The charge nurse would tell Dr Nouvel about my arrival and that I was a student in training and that he could rely on me to be there. He turned his propped-up face away to the left. I sat to his right. The bandages had just been removed and I was shocked to see that indeed at least one quarter of his face was absent from the jawbone down. In the few seconds that I was able to take an intense look at his face while standing during the introduction, I remember being able to recognise a wide, open passage from the right eye through the jaw bone and through the roof of the mouth to the back of the pharynx. The view was both shocking and mesmerising at once; I was strangely drawn to this savage aberration of nature. I wanted to see more, but quickly was asked to sit and attend to Dr Nouvel’s needs and wishes. He fell asleep promptly. The silence was astonishing, only to be interrupted by some sputtering deep breaths and coughing grunts. The head never turned to the middle or to the right. I sat quietly that afternoon. Barely moving. I had just heard a chilling rendition of Henry Purcell’s Dido and Aneas: “When I am laid, am laid in earth… may my wrongs create no trouble… Remember me, remember me… but ah, forget my fate.” Death, the quiet invader.
After coming to see ‘death in the eye’, the sitting sessions became another routine. With the patient asleep, I was able to quietly draw his upper torso and head posture in a number of ways with soft pencil on small paper sheets. I wanted to document it, perhaps to reassure myself that this was a real situation, one that was nonetheless strangely surreal. It was not about how the patient looked or appeared. It was more what he had to suffer and go through and that this was an ever so strikingly ugly process. I did not ask why. I did not ask, “Why him?” The drawings showed the agony of his breathing and the untimely wasting of both the hard and soft tissues. The body was the last thing to stay. The spirit had waned after what I had heard was an intense family conference, where the will had been updated once more in the presence of his trusted attorney and the station nurse. I heard that Dr Nouvel was the clearest he had been in a long time giving the most decisive directions as if directing traffic for the after-world. A world that once had been his. The slow growth that ultimately destroyed the man, the surgeon, the family head, allowed the sense of preparation for the inevitable, and perhaps a beautifully terrifying death: the ultimate balance to help negotiate meaning. Death, the giver of meaning.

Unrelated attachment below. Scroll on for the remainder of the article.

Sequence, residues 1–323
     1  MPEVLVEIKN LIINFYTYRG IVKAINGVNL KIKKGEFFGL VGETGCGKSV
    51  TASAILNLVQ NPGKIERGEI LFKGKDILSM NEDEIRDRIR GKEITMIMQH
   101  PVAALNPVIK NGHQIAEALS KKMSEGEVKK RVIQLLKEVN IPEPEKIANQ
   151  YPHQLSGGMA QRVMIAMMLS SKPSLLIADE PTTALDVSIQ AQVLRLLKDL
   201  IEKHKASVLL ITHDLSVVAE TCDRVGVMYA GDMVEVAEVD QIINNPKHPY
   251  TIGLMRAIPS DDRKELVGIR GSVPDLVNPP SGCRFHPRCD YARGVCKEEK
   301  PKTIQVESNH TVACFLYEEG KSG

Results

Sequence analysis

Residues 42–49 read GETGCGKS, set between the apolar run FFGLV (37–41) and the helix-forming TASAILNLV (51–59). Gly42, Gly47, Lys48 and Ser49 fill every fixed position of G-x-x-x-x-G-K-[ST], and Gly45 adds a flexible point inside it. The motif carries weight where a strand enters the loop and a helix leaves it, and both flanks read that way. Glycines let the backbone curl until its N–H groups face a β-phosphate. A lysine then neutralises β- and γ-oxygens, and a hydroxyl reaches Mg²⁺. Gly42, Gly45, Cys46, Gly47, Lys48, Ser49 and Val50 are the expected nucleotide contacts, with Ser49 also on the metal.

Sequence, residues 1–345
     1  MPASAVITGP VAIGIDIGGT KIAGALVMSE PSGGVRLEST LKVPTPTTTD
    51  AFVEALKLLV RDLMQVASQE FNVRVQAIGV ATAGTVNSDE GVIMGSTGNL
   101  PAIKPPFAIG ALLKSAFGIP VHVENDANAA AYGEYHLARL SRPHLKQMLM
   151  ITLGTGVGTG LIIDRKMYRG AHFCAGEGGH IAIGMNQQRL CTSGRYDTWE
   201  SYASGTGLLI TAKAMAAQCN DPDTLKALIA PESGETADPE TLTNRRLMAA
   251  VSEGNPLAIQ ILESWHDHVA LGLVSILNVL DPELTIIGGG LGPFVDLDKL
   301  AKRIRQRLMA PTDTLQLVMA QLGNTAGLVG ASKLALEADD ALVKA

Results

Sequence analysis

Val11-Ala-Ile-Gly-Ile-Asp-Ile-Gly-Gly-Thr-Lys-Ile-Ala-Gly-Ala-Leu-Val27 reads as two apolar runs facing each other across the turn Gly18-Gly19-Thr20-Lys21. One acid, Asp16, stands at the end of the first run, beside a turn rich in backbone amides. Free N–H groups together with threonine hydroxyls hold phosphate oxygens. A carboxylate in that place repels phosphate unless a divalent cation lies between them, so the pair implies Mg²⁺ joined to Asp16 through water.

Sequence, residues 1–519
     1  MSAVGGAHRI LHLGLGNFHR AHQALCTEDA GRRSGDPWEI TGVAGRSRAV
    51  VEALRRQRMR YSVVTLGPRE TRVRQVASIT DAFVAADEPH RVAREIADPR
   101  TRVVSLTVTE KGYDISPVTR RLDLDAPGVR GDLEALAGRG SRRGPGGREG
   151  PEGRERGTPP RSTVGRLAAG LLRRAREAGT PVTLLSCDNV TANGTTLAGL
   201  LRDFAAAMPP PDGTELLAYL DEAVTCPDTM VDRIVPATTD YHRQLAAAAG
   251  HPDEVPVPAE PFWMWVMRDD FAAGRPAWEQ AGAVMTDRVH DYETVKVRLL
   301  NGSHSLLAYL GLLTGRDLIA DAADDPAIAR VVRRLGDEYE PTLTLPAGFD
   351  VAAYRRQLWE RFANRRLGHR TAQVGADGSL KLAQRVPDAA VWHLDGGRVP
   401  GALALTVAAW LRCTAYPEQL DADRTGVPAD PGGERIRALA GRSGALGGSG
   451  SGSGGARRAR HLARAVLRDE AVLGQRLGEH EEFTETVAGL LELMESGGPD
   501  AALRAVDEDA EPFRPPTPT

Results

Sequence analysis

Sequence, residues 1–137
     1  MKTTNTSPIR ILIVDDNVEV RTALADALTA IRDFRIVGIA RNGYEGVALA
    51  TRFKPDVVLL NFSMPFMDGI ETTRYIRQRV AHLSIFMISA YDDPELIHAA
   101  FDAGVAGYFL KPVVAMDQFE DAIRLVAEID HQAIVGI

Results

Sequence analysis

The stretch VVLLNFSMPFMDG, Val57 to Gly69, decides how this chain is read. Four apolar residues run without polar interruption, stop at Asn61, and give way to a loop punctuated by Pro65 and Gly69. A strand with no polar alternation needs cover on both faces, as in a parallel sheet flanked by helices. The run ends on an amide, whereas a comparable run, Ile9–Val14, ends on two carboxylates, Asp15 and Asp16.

I don’t recall who was called when Dr Nouvel passed.
This piece was the winner of New Philosopher Writers' Award XXV: Death; open to New Philosopher subscribers. To see more details about the next award and to submit an entry, see the details here.